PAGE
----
25. Cursed be Canaan. It is asked, in the first place, why Noah, instead of pronouncing the curse upon his son, inflicts the severity of punishment, which that son had deserved, upon his innocent grandson; since it seems not consistent with the justice of God, to visit the crimes of parents upon their children? But the answer is well known; namely, that God, although he pursues his course of judgments upon the sons and the grandchildren of the ungodly, yet, in being angry with them, is not angry with the innocent, because even they themselves are found in fault. Wherefore there is no absurdity in the act of avenging the sins of the fathers upon their reprobate children; since, of necessity, all those whom God has deprived of his Spirit are subject to his wrath. But it is surprising that Noah should curse his grandson; and should pass his son Ham, the author of the crime, over in silence. The Jews imagine that the reason of this was to be traced to the special favour of God; and that, since the Lord had bestowed on Ham so great an honour, the curse was transferred from him to his son. But the conjecture is futile. Certainly, to my mind, there is no doubt that the punishment was carried forward even to his posterity, in order that the severity of it might be the more apparent; as if the Lord had openly proclaimed that the punishment of one man would not satisfy him, but that he would attach the curse also to the posterity of the offender, so that it should extend through successive ages. In the meantime, Ham himself is so far from being exempt, that God, by involving his son with him, aggravates his own condemnation.

John Calvin and John King, Commentary on the First Book of Moses Called Genesis, vol. 1 (Bellingham, WA: Logos Bible Software, 2010), 305–306.

So, if 1 Peter means more than saved by covenantal faithfulness, the curse is problematic.
 
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Contra_Mundum

Pilgrim, Alien, Stranger
Staff member
Noah's curse is upon Canaan; ergo, we must infer Canaan is the guilty party.

Canaan does wickedly, and his curse is a foreshadowing of what will befall his wicked posterity whose land will "vomit them out," so making room for a future Israelite state. Moses gives the Exodus generation this history in this form.

The text v24 says younger which in the context undoubtedly means youngest (Heb. uses comparative adjectives for superlatives). Ham is the middle son; the repetitive triplet of names makes this a virtual certainty.

The only time this order is not followed is in ch.10 and the table of nations, when Shem is put last because his is the story to go forward (compare to the listing forth, then setting aside, of Ishmael's and Esau's lines in chs. 25 & 36, so the story can move forward with Isaac and Jacob).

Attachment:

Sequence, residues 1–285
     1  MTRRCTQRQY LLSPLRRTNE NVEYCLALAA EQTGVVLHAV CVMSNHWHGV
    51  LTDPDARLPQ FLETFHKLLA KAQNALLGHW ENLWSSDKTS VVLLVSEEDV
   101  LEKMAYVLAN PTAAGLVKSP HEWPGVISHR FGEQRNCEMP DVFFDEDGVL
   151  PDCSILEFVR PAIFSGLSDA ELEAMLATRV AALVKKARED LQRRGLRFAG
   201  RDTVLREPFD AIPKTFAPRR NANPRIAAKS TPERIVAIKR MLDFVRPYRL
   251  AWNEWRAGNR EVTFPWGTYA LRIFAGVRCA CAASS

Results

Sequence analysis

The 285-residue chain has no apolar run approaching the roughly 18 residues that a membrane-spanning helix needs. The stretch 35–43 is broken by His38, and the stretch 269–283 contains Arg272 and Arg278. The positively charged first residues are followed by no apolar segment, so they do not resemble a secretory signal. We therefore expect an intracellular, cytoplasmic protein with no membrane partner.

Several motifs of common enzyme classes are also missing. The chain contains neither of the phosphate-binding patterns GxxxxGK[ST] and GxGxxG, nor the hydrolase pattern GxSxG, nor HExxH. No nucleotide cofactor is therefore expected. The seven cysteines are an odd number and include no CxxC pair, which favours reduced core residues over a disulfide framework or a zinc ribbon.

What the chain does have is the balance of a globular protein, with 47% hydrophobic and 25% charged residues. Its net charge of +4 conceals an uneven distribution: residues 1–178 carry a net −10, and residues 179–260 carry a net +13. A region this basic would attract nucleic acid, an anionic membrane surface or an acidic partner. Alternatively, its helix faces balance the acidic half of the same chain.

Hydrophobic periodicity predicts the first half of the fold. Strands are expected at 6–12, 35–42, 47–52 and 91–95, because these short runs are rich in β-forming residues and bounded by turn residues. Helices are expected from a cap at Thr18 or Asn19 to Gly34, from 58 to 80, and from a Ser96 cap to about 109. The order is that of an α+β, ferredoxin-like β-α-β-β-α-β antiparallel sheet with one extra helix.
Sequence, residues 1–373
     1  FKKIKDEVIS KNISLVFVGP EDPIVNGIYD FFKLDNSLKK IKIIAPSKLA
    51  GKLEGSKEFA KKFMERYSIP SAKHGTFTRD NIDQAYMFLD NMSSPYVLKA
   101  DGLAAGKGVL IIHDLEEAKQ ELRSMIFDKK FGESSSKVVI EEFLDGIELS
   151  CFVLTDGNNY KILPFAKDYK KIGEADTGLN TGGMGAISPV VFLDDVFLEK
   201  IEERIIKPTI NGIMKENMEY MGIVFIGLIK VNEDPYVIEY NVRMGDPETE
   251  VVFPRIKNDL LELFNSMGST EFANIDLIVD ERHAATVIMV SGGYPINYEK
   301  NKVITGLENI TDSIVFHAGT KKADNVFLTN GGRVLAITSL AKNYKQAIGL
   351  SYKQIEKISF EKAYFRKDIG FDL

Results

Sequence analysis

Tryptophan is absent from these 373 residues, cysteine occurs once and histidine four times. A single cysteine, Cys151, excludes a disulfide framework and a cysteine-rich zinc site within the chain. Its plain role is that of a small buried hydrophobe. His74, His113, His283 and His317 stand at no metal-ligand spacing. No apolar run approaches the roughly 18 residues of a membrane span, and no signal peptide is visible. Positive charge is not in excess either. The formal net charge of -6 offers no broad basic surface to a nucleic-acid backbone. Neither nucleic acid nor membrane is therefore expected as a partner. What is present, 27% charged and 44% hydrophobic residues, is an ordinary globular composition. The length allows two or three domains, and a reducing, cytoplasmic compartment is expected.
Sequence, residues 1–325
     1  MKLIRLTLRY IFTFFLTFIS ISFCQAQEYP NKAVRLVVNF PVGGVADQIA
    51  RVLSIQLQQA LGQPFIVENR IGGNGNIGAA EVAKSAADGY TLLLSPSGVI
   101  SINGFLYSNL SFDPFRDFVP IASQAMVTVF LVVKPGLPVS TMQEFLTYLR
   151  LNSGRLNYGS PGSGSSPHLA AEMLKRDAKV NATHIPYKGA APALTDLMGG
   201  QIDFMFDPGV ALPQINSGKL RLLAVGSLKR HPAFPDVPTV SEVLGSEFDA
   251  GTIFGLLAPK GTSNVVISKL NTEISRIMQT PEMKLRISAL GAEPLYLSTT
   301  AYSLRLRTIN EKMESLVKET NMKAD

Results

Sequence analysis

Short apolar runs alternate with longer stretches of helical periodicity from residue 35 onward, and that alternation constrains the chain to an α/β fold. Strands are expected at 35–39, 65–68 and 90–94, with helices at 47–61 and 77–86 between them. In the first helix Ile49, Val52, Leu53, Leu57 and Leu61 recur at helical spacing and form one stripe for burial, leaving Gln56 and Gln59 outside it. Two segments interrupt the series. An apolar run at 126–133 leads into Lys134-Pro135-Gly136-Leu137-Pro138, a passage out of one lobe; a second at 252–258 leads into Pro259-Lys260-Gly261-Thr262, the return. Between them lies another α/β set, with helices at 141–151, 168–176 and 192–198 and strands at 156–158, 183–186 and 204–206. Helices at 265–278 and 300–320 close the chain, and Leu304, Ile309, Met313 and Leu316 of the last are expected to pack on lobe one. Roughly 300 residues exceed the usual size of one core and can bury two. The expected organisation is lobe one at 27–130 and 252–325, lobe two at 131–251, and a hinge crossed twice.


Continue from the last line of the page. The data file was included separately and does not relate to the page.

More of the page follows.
The reason for 10:21, which properly reads (note the KJV margin): "Shem, the elder brother of Japheth," is precisely what is demanded by the literary purpose to the inversion of the order; thus confirming that Ham as the middle son cannot be "the younger/youngest."​

Canaan is the youngest son of Noah mentioned in the text of Genesis thus far, in fact twice in ch.9 vv18 & 22, so that we would know who he is before his involvement; cf. Gen.29:5, where Laban is called the son of Nahor (his grandfather); see Gen.28:5 for his true father's name.

Abraham has sons and daughters of multiple generations. Christ is the last "son of David." Such rendering of grandsons and (multi)great-grandsons as sons is not an aberration in Scripture.

I don't like disagreeing with such favored exegetes; but I don't believe those you mentioned have it right. And as a bonus I don't have to twiddle with 1Peter's comments.
 

Held Fast

Puritan Board Freshman
I can go no further than the LCBF Ch. 10 Para 3, which does not state all infants are elect, just that elect infants and other elect persons who are incapable of being outwardly called by the ministry of the Word, are regenerated and saved by Christ. This provides no assurance that the children of the elect are likewise elect, which is comforting to me in that it preserves salvation as by grace alone, and not by the merit of blood relation or ritual. That some infants are not elect likewise preserves salvation as by grace alone, and not by the merit of supposed innocence of action or knowledge. God's election is not derivative from God's knowledge of our relationships, our behavioral innocence, or our potential response to the call of the ministry of the Word in an alternate timeline. God's election is an extension of His will - thanks be to God that any are saved! Thanks be to God that any infants are elect!
 

Dachaser

Puritan Board Doctor
I can go no further than the LCBF Ch. 10 Para 3, which does not state all infants are elect, just that elect infants and other elect persons who are incapable of being outwardly called by the ministry of the Word, are regenerated and saved by Christ. This provides no assurance that the children of the elect are likewise elect, which is comforting to me in that it preserves salvation as by grace alone, and not by the merit of blood relation or ritual. That some infants are not elect likewise preserves salvation as by grace alone, and not by the merit of supposed innocence of action or knowledge. God's election is not derivative from God's knowledge of our relationships, our behavioral innocence, or our potential response to the call of the ministry of the Word in an alternate timeline. God's election is an extension of His will - thanks be to God that any are saved! Thanks be to God that any infants are elect!
The Lord is going to do as He pleases towards the infants, and whatever the number saved, we will be praising the Lord for them.